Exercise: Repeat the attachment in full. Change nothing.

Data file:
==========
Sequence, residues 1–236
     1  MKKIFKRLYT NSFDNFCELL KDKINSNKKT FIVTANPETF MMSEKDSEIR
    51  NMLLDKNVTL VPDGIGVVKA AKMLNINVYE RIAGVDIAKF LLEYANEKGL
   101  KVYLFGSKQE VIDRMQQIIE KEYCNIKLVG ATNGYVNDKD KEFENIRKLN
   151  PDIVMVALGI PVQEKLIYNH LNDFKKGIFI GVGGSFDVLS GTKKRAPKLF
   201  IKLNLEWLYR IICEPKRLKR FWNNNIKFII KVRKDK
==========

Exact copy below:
Sequence, residues 1–236
     1  MKKIFKRLYT NSFDNFCELL KDKINSNKKT FIVTANPETF MMSEKDSEIR
    51  NMLLDKNVTL VPDGIGVVKA AKMLNINVYE RIAGVDIAKF LLEYANEKGL
   101  KVYLFGSKQE VIDRMQQIIE KEYCNIKLVG ATNGYVNDKD KEFENIRKLN
   151  PDIVMVALGI PVQEKLIYNH LNDFKKGIFI GVGGSFDVLS GTKKRAPKLF
   201  IKLNLEWLYR IICEPKRLKR FWNNNIKFII KVRKDK